It may be authority that you need. For example, say that the A-Team is blocked by a feature of the B-Team which is planned for later or has low priority; then, you need to discuss to someone to change the priorities of the of B-Team. In this case, you have to be extra careful when finding the person to contact.

This is very important and let me tell you why! Imagine that a ticket of the B-Team is assigned to a person and you don’t know who this is. You’re about to contact him/her in Slack directly, but then you have a moment of common sense and you investigate who this person is. Then you realize that she’s director of the UX design department (true story!) so you have a second thought and you decide to contact someone else who reports to her instead of wasting her time! Then you’ve earned a point in diplomacy!

Of course, some day you may need to contact someone higher.. but first, be sure that the situation and your urgency justify it.

In any case, find the right person and use good manners when presenting your case.

Step 4. Find a sponsor, someone to back you up

Depending on the situation or on the outcome of previous meetings, you may need to escalate on your side! This means that your authority is not strong enough (yet!) to get you what you need. In this case, talk to your direct superior or your team leader, your scrum master or your team architect, depending on the case. It’s part of their job to support you. They should be able to help, either by putting more pressure with their authority or by giving you some other suggestion you didn’t think before.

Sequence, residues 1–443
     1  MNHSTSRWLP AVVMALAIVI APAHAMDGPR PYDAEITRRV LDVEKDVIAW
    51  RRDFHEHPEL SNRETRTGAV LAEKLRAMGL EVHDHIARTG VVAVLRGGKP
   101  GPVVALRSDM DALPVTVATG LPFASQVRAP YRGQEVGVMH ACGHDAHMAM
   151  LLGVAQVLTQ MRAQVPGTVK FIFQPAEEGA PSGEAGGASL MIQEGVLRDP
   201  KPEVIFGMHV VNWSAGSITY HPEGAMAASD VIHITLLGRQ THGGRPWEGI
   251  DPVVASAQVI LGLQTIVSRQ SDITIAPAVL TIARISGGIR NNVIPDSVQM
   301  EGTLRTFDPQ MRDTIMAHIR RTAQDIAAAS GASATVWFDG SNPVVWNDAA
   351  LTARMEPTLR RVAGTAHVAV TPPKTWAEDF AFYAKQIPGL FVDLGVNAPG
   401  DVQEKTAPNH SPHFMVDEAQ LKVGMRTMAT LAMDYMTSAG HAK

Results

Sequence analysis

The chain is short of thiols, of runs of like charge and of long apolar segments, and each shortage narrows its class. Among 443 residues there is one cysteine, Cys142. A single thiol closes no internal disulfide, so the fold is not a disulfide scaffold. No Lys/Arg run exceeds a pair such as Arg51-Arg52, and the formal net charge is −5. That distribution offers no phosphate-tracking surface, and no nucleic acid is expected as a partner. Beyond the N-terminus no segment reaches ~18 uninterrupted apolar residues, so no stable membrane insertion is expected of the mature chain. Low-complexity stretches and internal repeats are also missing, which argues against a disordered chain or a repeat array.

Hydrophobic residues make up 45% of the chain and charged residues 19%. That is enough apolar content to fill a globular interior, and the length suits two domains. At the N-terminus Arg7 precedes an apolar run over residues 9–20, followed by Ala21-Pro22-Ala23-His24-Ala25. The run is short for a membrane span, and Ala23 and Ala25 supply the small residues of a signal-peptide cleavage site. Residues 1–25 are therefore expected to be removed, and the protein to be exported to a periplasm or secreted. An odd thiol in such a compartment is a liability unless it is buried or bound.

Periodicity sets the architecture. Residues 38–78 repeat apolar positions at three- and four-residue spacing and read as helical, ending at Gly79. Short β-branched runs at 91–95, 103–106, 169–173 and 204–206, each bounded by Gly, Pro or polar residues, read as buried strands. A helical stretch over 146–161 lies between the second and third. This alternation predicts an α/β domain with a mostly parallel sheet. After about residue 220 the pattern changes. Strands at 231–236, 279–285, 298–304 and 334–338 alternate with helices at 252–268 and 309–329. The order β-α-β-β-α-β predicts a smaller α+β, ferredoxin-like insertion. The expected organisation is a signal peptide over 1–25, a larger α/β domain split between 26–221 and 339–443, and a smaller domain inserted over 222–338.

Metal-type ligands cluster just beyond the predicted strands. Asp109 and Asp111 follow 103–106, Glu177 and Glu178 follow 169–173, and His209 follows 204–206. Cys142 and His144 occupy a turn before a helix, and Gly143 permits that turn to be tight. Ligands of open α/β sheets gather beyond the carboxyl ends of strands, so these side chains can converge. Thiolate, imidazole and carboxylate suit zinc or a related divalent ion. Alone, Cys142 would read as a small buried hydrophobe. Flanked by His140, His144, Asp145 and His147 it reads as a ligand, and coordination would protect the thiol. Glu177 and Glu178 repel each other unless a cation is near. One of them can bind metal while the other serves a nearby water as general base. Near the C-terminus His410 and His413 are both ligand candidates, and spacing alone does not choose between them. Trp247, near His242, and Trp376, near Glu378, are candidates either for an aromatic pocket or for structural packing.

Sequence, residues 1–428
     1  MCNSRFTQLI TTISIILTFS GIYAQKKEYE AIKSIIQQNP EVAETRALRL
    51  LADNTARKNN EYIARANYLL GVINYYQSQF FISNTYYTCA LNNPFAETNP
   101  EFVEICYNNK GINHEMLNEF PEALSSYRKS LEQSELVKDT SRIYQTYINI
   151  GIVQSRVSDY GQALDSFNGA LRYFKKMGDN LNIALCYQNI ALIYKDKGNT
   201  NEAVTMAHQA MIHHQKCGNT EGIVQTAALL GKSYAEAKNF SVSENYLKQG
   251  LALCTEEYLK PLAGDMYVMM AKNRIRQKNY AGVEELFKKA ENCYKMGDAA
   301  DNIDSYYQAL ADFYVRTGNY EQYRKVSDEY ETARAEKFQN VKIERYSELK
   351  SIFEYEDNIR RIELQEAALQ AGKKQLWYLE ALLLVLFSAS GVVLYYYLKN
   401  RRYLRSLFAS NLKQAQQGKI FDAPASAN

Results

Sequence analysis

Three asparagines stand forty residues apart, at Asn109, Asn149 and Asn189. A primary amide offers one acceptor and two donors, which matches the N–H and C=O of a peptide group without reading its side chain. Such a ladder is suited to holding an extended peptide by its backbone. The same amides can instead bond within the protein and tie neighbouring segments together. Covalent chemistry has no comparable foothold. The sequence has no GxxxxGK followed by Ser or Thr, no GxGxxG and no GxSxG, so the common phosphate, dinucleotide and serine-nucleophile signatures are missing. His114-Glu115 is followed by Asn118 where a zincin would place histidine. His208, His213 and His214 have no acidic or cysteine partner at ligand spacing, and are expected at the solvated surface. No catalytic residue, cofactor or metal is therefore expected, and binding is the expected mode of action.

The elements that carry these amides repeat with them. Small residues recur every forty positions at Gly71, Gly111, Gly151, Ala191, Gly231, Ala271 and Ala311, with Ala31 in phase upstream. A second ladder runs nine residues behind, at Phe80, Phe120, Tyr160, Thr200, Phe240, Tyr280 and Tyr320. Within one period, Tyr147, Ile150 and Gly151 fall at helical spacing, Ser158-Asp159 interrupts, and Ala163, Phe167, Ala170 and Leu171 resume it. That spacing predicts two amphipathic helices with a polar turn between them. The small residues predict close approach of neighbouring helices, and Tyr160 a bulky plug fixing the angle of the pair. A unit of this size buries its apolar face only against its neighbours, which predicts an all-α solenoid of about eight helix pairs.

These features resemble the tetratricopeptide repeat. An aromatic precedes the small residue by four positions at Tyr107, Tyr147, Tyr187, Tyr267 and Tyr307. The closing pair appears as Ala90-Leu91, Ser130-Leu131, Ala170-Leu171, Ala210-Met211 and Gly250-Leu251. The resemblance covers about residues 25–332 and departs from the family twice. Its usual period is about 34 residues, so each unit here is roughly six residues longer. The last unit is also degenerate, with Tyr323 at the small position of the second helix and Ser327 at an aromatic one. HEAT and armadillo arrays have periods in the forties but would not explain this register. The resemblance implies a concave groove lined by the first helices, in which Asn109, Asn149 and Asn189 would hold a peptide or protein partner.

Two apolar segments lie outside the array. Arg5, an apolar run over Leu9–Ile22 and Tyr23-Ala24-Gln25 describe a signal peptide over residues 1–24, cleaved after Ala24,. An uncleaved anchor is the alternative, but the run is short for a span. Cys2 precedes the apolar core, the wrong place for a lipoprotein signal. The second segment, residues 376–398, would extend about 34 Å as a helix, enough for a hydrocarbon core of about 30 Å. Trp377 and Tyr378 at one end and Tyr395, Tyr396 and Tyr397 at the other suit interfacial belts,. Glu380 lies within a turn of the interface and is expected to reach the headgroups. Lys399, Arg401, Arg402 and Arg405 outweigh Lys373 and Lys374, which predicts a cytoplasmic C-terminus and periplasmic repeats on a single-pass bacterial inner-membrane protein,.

Some other common sense

Here are few extra suggestions I came out with while writing the article.. nothing from another word, just some common sense :)

Assume that the B-Team doesn’t know your problem

This happens constantly. Be ready to explain your problem clearly from the start. As you don’t know everything that is happening in other teams, you can’t expect that the rest of the people knows about yours.

When looking for someone, beside their position or role, try to understand what’s their knowledge

This is especially useful in meetings. Maybe you schedule a meeting with the B-team and they forward it to someone else. Who’s this person? What’s her expertise? Why is she needed? Asking yourself these questions will get you more prepared for the meeting.

They may want to help you but they are busier than you hoped

As technical persons, when you have a dependency with another team, this is one of the most complicated situations.

Probably having your PO in the discussion will help, since he/she can leverage the priority of your feature from a project management perspective. Eventually, be prepared to have to find some compromises: maybe you can split the whole initiative in two iterations and deliver half of it first. Or, your team can help the other and do part of or all the work needed to get unblocked (maybe after a short technical introduction). Depending on the situation there are different ways you can get through. You can get creative and brainstorm a solution with your team that works.


Dealing with a cross-team dependency is never trivial. You have to think about lots of aspects: gathering enough knowledge in order to understand yourself the problem, being able to explain the problem to someone else, find the right person to talk to, being able to defend your arguments, etc...

The suggestions I gave here are not specific to the IT world: you can easily apply them in any other circumstances, even not work related. Any time you need to talk with someone else, explain your case, justify your motivations, etc.

At the end of the day, it all comes to being a better communicator! Always keep in mind who is in front of you to send the right message in the best way!




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Ricky Iudica

Ricky Iudica

Wild Software Engineer, follows his logic half of the time and his sense of aesthetic the other half!